Survey of London: Volume 39, the Grosvenor Estate in Mayfair, Part 1 (General History). Originally published by London County Council, London, 1977.
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The Course of Development
The translation of Barlow's plan into the realities of bricks and mortar took over half a century to complete. The last leases, for sites in the north-west corner of the estate, were not granted until 1777, (fn. 1) by which time it was necessary to consider renewals of the earliest leases. The progression of the development was generally, and logically, from east to west, but the pace was by no means even. On the rudimentary evidence of the dating of estate leases (some leases being of large plots which were sub-let in smaller sites) there was considerable building activity throughout the 1720's, with 1725 and 1728 as the peak years, a slow-down from 1733 to 1735, a new surge to another peak in 1740, a considerable decline throughout the 1740's and early 1750's (only six leases were granted between 1741 and 1755), and a gradual development of the remaining unbuilt land over the next twenty or so years. The marked reluctance of builders to take sites near the north end of Park Lane and the western end of Oxford Street was probably due to the proximity of Tyburn gallows, situated at the present junction of Edgware Road and Bayswater Road, where public executions attended by vast and tumultuous crowds continued until 1783.
In general the frontages to Oxford Street and Park Lane were not regarded with any favour by either the officers of the estate or by builders. The whole development was at first noticeably turned inwards towards Grosvenor Square and away from the extremities of the estate, with the exception of the eastern boundary where it was clearly desirable to link up with existing streets. Although areas on the north side of Brook Street and Grosvenor Square extending as far as Oxford Street were taken under building agreements as early as 1723 5, the completion of buildings along the frontage to Oxford Street was in some cases delayed for over thirty years. (fn. 2)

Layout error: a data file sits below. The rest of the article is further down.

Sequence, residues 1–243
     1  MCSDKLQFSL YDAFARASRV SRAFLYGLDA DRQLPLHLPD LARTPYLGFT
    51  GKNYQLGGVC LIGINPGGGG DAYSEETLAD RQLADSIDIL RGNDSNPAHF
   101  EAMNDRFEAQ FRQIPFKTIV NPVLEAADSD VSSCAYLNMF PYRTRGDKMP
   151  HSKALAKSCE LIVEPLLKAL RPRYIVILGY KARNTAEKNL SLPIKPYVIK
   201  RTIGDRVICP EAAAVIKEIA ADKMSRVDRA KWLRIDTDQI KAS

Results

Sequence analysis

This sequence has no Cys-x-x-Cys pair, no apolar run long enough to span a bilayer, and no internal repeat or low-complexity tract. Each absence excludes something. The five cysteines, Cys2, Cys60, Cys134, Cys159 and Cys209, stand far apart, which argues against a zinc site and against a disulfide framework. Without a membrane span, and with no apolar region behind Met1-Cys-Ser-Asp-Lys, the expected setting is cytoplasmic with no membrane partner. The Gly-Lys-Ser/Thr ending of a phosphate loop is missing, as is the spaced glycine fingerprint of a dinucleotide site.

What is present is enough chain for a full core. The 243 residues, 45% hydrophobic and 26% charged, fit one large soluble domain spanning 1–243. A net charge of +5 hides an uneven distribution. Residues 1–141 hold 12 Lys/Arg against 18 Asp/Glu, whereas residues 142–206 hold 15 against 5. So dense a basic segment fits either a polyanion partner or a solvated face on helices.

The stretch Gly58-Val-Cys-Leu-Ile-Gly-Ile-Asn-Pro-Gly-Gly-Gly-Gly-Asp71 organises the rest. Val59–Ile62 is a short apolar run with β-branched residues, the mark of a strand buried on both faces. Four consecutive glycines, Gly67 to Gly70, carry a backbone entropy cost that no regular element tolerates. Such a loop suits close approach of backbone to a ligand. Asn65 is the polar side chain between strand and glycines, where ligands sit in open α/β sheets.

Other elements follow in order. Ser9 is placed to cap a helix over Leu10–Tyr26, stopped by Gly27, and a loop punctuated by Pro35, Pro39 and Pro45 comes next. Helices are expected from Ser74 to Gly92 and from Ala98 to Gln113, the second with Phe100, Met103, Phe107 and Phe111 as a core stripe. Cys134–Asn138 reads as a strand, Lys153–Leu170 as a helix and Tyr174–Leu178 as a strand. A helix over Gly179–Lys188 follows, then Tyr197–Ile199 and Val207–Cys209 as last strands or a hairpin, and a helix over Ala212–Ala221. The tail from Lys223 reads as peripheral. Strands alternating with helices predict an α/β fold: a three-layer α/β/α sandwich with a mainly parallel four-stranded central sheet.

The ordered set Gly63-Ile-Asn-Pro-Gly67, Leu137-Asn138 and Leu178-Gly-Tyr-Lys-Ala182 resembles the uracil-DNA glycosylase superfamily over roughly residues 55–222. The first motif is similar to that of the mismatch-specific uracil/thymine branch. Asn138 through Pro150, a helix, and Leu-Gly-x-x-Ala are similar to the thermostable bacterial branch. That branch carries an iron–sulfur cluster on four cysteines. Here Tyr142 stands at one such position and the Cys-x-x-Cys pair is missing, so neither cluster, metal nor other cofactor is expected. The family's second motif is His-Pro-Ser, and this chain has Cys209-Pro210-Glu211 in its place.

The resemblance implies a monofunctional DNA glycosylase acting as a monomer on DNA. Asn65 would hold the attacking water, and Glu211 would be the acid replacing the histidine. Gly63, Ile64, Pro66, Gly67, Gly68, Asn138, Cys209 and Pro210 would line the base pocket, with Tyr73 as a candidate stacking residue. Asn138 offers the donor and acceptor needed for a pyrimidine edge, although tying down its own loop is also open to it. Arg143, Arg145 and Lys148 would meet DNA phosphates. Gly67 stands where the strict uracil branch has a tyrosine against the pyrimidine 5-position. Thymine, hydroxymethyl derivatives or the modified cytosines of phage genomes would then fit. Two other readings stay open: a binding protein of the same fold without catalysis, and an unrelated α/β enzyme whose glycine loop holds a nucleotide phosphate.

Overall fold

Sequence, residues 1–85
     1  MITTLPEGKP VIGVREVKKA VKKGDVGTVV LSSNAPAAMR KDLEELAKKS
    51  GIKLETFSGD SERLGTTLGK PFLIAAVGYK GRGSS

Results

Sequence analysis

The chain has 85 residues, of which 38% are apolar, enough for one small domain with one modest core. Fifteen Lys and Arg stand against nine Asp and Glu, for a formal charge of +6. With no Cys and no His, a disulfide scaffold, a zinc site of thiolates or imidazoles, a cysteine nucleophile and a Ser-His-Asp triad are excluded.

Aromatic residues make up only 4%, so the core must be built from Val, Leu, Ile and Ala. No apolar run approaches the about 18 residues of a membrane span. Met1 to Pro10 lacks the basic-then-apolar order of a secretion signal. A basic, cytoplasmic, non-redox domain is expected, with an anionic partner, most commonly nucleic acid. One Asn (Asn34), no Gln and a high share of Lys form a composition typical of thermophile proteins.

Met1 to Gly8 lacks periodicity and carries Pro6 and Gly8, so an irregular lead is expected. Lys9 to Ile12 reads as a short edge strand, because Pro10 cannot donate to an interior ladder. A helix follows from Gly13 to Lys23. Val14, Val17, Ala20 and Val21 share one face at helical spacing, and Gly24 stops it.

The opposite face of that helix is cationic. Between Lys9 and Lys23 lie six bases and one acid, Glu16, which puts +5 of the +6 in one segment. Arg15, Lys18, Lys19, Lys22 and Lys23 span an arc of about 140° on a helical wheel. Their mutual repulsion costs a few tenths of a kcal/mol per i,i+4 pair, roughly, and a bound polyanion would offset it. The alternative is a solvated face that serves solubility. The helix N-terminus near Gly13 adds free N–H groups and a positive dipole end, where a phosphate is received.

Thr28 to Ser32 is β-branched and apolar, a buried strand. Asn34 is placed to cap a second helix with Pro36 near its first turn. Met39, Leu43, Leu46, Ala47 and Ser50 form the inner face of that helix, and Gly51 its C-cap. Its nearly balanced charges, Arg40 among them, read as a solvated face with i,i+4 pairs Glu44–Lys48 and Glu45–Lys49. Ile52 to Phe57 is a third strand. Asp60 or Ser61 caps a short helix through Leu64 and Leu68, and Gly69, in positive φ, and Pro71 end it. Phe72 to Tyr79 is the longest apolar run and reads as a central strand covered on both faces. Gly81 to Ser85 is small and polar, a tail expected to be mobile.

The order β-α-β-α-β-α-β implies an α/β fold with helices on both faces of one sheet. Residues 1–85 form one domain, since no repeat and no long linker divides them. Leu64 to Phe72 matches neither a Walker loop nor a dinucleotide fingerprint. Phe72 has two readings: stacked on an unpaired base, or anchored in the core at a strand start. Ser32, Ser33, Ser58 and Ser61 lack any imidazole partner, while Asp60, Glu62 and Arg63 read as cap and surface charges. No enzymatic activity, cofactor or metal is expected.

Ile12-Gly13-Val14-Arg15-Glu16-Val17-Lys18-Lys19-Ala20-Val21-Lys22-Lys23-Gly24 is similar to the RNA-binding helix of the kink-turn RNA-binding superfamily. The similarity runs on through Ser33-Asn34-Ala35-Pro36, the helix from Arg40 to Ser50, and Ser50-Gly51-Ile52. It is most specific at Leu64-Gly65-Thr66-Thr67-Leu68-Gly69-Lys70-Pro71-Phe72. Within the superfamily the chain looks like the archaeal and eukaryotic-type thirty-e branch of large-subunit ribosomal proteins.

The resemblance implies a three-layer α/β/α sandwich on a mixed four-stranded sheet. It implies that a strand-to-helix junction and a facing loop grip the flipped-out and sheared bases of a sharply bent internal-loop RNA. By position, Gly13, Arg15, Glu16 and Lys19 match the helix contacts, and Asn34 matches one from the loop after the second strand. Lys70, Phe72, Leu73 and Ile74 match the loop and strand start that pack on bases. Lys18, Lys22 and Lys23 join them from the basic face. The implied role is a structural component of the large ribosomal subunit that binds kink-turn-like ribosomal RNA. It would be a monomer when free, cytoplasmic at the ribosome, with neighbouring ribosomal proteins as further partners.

In 1766 John Gwynn remarked disparagingly on 'that heap of buildings lately erected from Oxford-Road to Hyde Park Corner, whose back-fronts are seen from the Park'. (fn. 3) The wording of early building agreements for ground at the western edge of the estate suggests that this orientation was a matter of deliberate policy (although the layout shown on Mackay's map envisages buildings along the Park Lane frontage). Under these agreements ground rents were to be calculated by the extent of frontage along Park Street, and while it was usual to include provisions against the siting of coach-houses and stables along that street or in any of the main east-west streets, no such restriction applied to Park Lane. (fn. 4) In fact stabling was built there on a site now occupied by part of Grosvenor House. (fn. 5) One short terrace of houses facing the park called King's Row was built in the 1730's (on the site of the present Nos. 93–99) (fn. 6) but it was set back from Park Lane and quickly shielded from the road by a screen of trees (Plate 13a, 13b). Even in the 1750's when Norfolk (now Dunraven) Street was laid out the houses were built with their back elevations overlooking the park and their garden walls forming the Park Lane frontage (Plate 19b, 19c). In 1791 William Porden, the estate surveyor, remarked on the opportunity lost 'in originally laying out the ground of making a handsome front towards Hyde Park', (fn. 7) and it is not clear why Park Lane was so ostracized. Certainly in the nineteenth century it was a very busy road and was originally quite narrow: some stretches were widened in the course of building on adjacent land. (fn. 8) The park was concealed by a brick wall which was not entirely replaced by iron railings until 1828, (fn. 9) and, although a gate was provided at the cost of Sir Richard Grosvenor for the benefit of his tenants (Grosvenor Gate), (fn. 10) the prospect from ground level at least could not have been very attractive.